Channeling some much needed optimism in these times

The 17 travel goals I had originally set myself for 2020

Although I write a list of this sort each year, I’m publishing this year’s edition with a heavy dose of scepticism about how much will still be possible after quarantine is finally lifted.

  • Visit Italy – a recurring annual goal, which I’m optimistically hoping may still be achievable with my visit to Puglia for a friend’s wedding later this year.
  • Travel outside of London each month – this stems from my previous goal to travel abroad every month, and aims to regularly take me outside of my bubble and remind me of the whole wide world beyond my immediate surroundings. If I’m quarantined in Hampshire for several months, then I will technically speaking achieve this goal, but in essence not, since it will be quite the opposite of escaping a bubble.
  • Visit 3 new countries – this was due to include Georgia, some smaller European countries I haven’t yet visited, and possibly some bigger ticket items like Jordan or Argentina. It could still be feasible if I’m able to pack all of my annual leave into the latter part of this year.
  • Go sailing – this is another annual goal, and while I’d love a whole week exploring the Aeolian Islands, even just one day sailing in the Solent would suffice.
  • Go skiing – already completed with my Valmorel skiing trip, and I was lucky not to have to cancel any further skiing trips as so many people did!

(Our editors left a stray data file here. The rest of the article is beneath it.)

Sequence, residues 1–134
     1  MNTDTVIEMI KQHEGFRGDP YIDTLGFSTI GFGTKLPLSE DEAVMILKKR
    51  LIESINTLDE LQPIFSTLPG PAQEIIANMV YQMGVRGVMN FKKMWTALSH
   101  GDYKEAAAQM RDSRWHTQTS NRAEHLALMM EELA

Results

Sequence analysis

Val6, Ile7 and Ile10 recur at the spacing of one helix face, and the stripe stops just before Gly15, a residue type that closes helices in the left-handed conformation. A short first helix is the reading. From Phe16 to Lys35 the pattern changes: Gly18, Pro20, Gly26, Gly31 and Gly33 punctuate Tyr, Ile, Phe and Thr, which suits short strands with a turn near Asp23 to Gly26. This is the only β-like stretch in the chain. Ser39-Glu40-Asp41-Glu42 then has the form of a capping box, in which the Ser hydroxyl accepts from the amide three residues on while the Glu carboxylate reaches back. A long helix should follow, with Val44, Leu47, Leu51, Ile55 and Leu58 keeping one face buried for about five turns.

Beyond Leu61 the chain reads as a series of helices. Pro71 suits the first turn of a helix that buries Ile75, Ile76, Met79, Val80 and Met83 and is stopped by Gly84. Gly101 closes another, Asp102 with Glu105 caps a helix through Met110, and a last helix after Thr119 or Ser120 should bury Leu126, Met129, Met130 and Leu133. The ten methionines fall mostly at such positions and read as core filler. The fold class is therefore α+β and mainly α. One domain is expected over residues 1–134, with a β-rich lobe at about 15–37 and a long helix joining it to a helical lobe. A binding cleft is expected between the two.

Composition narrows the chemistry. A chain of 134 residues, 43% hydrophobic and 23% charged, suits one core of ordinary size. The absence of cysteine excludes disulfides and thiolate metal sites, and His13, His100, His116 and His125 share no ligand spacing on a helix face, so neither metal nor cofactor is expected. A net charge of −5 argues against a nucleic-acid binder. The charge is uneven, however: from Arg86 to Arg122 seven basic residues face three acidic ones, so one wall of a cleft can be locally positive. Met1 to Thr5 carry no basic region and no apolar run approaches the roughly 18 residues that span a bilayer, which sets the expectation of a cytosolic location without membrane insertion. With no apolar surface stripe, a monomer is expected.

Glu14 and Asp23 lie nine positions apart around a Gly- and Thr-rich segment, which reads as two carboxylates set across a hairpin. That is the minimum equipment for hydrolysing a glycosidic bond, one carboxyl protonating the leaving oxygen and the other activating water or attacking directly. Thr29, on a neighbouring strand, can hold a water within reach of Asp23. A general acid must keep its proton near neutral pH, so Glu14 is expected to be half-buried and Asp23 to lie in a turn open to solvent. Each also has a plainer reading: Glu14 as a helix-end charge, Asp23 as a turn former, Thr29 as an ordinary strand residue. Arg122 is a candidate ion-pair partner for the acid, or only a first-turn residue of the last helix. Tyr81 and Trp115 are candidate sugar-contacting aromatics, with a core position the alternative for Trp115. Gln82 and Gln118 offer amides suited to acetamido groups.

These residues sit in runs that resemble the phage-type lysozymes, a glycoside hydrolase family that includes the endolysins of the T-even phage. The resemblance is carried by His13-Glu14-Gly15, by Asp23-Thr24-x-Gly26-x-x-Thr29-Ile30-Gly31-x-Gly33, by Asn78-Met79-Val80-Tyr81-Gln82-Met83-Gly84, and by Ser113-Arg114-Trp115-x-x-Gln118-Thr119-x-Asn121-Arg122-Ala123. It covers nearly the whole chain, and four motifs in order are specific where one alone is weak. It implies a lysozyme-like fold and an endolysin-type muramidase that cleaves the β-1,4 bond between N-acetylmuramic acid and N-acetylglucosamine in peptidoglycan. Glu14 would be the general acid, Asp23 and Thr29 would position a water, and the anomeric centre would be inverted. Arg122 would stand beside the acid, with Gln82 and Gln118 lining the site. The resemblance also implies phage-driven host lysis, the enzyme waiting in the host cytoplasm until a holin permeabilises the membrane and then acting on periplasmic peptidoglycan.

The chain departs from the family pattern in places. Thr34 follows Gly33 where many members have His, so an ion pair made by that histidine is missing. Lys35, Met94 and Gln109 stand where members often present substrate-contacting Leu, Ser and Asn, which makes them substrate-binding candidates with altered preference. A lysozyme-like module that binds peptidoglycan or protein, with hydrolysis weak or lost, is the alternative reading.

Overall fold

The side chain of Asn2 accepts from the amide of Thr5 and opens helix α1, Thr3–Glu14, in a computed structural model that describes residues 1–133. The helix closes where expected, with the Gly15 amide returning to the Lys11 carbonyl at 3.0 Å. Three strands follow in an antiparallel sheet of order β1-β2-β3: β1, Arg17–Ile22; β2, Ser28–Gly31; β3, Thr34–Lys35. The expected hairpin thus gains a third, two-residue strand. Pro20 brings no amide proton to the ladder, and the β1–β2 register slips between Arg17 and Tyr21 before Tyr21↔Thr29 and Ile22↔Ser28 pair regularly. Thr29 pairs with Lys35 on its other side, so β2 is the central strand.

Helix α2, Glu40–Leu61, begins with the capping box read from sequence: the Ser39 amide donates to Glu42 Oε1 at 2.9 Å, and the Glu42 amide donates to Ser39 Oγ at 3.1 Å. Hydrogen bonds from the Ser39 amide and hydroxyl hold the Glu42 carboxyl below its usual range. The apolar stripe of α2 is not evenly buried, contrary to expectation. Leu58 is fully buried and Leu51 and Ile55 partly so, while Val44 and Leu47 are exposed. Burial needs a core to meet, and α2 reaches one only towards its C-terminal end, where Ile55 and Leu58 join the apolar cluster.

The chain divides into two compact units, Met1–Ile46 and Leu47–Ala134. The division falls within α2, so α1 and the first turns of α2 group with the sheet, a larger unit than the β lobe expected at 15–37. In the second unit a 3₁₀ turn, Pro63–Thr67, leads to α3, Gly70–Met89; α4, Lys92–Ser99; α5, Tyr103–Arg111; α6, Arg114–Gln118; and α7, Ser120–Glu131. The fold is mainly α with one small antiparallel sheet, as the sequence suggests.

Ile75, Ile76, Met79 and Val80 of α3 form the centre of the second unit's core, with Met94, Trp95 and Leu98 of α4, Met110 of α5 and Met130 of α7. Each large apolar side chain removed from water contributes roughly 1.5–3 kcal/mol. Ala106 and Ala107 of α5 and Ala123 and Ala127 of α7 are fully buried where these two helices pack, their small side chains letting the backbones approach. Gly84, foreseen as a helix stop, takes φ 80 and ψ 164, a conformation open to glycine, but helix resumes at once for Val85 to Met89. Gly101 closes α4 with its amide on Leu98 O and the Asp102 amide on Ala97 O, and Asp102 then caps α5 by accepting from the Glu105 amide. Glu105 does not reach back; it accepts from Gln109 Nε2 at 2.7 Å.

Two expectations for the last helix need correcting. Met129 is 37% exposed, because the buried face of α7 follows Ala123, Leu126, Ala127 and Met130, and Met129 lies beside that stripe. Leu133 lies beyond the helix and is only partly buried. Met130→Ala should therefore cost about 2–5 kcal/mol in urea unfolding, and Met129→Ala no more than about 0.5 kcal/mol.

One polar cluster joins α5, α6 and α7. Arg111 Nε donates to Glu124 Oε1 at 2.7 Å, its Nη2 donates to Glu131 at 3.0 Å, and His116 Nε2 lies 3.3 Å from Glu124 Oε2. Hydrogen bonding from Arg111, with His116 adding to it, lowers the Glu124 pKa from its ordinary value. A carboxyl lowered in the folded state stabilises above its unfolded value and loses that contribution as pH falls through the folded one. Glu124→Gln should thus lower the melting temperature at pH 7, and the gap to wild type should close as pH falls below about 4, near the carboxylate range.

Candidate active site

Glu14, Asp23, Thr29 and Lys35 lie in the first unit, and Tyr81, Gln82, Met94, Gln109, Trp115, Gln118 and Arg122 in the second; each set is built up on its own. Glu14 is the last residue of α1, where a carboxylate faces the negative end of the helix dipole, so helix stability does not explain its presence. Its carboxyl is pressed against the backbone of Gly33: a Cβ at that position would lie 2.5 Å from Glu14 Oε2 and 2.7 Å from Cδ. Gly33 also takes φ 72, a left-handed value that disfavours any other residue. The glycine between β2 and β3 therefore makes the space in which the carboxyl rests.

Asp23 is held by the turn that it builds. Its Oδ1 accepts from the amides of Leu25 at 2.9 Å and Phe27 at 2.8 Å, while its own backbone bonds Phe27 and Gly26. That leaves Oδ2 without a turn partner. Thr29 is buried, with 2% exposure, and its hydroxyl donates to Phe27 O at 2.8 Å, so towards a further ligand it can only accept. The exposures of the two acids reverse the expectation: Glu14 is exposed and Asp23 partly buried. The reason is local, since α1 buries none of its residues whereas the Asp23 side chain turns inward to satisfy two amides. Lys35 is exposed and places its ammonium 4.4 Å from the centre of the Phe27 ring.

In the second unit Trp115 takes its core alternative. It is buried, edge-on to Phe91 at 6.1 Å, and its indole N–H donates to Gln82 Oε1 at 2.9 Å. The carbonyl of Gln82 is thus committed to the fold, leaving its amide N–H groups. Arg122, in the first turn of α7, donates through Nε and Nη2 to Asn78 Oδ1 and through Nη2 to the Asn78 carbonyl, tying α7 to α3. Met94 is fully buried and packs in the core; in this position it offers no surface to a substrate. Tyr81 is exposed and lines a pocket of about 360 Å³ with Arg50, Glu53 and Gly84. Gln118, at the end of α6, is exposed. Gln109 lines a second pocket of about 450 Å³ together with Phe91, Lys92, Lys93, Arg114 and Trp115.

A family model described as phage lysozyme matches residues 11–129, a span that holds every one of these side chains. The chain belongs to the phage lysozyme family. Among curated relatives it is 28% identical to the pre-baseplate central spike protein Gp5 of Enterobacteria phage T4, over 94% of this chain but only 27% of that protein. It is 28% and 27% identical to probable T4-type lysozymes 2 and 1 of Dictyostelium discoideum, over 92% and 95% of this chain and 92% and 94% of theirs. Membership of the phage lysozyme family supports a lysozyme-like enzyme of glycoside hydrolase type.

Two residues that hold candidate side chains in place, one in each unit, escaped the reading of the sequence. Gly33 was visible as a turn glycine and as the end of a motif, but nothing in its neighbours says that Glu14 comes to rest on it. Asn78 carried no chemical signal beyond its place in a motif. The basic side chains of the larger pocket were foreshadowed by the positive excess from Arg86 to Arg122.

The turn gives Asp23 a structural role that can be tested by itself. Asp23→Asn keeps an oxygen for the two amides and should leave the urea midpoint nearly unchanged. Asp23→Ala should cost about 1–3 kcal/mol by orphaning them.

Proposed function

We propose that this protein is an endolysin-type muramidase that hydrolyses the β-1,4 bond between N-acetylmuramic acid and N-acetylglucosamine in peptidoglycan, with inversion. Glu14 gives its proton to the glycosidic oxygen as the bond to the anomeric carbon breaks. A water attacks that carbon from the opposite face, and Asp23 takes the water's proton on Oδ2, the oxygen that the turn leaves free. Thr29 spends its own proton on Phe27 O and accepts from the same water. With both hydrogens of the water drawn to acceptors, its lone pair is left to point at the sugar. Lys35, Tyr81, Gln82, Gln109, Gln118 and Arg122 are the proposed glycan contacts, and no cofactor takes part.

• Complete the Yorkshire Three Peaks – following last year’s completion of the Three Peaks, I need another challenge, and the Yorkshire version encompasses a full-day 39.2km hike that hits three mountains in the Yorkshire Dales National Park. I’ve currently booked this for July with my father so it’s another trip to keep fingers crossed for…
  • Visit a Christmas market abroad – having been to Vienna’s Christmas markets last year, I now have my eye on Strasbourg for this winter. Others I’ve loved in recent years include Munich and Berlin.
  • Travel outside of Europe – another annual goal, which was to completed by the Y7 summit in Washington, but I’ll have to find another option!

Learning to appreciate the colours here in the UK too

  • Visit the Muslim Middle East – last year I technically made my first visit to Middle East when I ran the Jerusalem half-marathon in Israel, but I now want to experience the Muslim side of the region, in particular looking at Oman and Jordan.
  • Have a proper adventure – one which isn’t a long-weekend-city-break, which isn’t all booked and mapped out in advance,